I found this article about a new Bible translation hailing from the Netherlands (thanks to a post from from Backyard Missionary). The Western Bible. Holier than swiss cheese, the Dutch have boldly gone where no-one has dared go before – at least in print. Don’t want to give your goods to the poor? Do you feel that dying to self is a useless construct drowned out by the western mantra where the most important person in the world is YOU? Get your hands on the Western Bible. The thoughtful translators have saved us the effort of ignoring or trying to rationalise these difficult passages by simply leaving them out. Chunks of the beautitudes, ten commandments, proverbs, anything to do with justice or selfless living has got the axe. Jesus obviously didn’t study economics, according to De Rijke. The rationale? “We don’t use them anyway”. Ouch. Interesting that these passages have to be removed from the bible before we sit up and take notice, and that would appear to be the point of the whole exercise. You can read more here. Here’s the challenge – what bible do we live by?
My posts on morality have sparked the most conversation I have had on this blog so far, and I can’t resist having a final word or two. Morality. It seems to be the issue that drives and divides Christian politics, and self-righteous Christians everywhere. I have high moral standards for myself. As much as I possibly can, I strive to do what is right – not just for me (as in if it feels good do it), but what I believe to be right as a Christian. However, I would like to add that morals upheld by Christianity are not exclusively found amongst Christians. They are represented in various ways across all societies and cultures, perhaps as a marker of how we are all created in God’s image, and all of us reflect this in some way. Back to the point: I work on and value my “personal” morality. I am growing in my awareness of what it means personally to practice “public” morality. I think there is a distinction, and it is not necessarily best reflected in the areas of legislation that typically dominate the Christian political landscape that have already been discussed on this blog. Morality is about right and wrong conduct – constructs that are very much shaped by our underlying value systems. Christians seem proficient on advocating for personal morality, but how do we fare on public morality? By public morality I mean “right and wrong” on a societal level. Do we fight for equality? Freedom from poverty, oppression, exploitation? How loudly are our voices heard crying out for justice? Does our justice roll on like a river (Amos 5:24)? Chapter 5 has a lot to say about trampling of the poor, injustice. God speaks out that he hates the religious feasts (I reckon this could relate to Sunday church in our context) etc (verse 21), but wants to see justice and righteousness. For those of us who have a political voice, let justice be our cry. Let our actions be likewise. Let us be slow to speak in judgement over others, but quick to stand up for those who our society considers least.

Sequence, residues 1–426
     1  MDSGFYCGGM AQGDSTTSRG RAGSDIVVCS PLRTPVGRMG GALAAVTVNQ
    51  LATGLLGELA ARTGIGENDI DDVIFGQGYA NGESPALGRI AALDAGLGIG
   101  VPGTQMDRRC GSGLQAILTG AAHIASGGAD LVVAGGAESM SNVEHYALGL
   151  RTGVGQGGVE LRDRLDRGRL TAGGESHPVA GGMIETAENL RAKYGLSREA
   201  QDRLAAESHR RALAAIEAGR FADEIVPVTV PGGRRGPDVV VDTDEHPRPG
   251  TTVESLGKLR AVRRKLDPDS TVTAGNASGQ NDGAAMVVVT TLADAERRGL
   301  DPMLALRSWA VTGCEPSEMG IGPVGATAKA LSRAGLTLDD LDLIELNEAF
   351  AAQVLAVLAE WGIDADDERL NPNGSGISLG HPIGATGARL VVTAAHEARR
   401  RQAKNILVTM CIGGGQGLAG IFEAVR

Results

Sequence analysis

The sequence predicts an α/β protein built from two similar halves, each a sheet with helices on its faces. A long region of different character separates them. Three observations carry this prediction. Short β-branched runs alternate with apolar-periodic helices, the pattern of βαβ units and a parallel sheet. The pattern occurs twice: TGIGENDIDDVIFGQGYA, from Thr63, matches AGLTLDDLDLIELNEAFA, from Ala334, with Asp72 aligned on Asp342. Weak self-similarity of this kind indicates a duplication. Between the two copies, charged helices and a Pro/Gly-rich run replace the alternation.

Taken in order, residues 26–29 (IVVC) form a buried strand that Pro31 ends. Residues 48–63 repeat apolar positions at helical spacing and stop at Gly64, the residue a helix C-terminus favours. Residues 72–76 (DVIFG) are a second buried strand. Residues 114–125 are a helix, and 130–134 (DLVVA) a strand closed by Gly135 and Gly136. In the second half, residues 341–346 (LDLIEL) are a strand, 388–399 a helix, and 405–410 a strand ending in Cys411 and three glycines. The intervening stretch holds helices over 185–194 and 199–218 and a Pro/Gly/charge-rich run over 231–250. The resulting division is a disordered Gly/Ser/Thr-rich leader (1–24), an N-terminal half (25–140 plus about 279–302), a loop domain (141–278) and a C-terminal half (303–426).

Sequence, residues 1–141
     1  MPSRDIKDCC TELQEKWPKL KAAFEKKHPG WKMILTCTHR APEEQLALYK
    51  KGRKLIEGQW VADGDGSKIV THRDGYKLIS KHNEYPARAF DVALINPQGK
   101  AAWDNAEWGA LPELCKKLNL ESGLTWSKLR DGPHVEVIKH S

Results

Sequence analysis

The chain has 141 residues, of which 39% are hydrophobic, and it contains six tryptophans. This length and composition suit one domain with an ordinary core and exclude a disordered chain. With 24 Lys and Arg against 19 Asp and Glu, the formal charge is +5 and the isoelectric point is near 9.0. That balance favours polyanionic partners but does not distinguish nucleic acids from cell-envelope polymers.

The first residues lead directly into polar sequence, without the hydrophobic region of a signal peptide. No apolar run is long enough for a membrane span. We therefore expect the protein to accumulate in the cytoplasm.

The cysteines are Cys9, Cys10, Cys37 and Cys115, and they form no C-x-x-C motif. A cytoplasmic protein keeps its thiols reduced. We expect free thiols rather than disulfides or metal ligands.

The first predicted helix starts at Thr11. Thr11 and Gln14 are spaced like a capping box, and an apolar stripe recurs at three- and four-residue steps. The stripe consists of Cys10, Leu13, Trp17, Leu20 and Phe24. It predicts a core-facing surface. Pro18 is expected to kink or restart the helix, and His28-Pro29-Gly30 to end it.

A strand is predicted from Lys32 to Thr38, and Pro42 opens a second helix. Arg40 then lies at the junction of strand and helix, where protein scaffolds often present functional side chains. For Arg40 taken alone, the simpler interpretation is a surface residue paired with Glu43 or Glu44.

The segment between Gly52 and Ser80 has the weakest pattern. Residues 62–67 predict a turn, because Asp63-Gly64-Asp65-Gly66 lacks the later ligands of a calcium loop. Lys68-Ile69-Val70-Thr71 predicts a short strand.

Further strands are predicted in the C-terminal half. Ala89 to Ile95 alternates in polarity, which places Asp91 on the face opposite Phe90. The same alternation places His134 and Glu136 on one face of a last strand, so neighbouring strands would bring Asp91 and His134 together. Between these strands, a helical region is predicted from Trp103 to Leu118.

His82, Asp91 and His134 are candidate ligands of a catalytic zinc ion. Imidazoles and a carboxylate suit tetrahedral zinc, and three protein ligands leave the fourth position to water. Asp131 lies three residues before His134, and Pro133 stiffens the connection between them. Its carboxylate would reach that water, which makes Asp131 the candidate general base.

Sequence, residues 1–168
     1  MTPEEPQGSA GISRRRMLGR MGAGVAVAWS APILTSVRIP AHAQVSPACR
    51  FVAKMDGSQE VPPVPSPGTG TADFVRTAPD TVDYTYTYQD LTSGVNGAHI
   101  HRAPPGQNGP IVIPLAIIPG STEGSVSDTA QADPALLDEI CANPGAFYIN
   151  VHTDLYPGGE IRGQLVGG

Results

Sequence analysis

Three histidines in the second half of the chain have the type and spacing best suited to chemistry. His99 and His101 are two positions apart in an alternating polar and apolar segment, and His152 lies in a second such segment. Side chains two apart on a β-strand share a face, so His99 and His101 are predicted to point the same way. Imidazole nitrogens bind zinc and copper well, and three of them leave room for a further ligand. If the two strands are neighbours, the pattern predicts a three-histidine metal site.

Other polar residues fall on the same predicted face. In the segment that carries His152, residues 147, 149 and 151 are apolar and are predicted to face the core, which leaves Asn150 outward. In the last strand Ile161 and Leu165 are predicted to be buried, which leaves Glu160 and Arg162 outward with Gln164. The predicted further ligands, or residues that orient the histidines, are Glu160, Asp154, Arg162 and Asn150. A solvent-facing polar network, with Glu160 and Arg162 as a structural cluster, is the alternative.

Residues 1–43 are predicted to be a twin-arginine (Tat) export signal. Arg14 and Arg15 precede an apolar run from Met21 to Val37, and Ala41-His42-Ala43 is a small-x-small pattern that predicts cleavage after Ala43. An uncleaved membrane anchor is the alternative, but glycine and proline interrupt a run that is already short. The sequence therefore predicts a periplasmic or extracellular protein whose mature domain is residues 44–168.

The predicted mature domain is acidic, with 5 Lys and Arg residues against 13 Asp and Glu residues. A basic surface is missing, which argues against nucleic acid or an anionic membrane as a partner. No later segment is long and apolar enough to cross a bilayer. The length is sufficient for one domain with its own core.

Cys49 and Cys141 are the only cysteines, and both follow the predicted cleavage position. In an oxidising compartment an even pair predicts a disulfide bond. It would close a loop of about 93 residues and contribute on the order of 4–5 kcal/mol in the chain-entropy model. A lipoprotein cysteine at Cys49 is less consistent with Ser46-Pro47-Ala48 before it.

It has been a while since I last posted, and I have had serious trouble finding a moment to get near my computer. However, it has been with good reason. I don’t usually post daily life events here, but I guess my blogging drought is not caused by an everyday event. I have just had my first baby (Jemima is now 9 days old, and of course, perfect).
Jemima’s www debut at 1 day old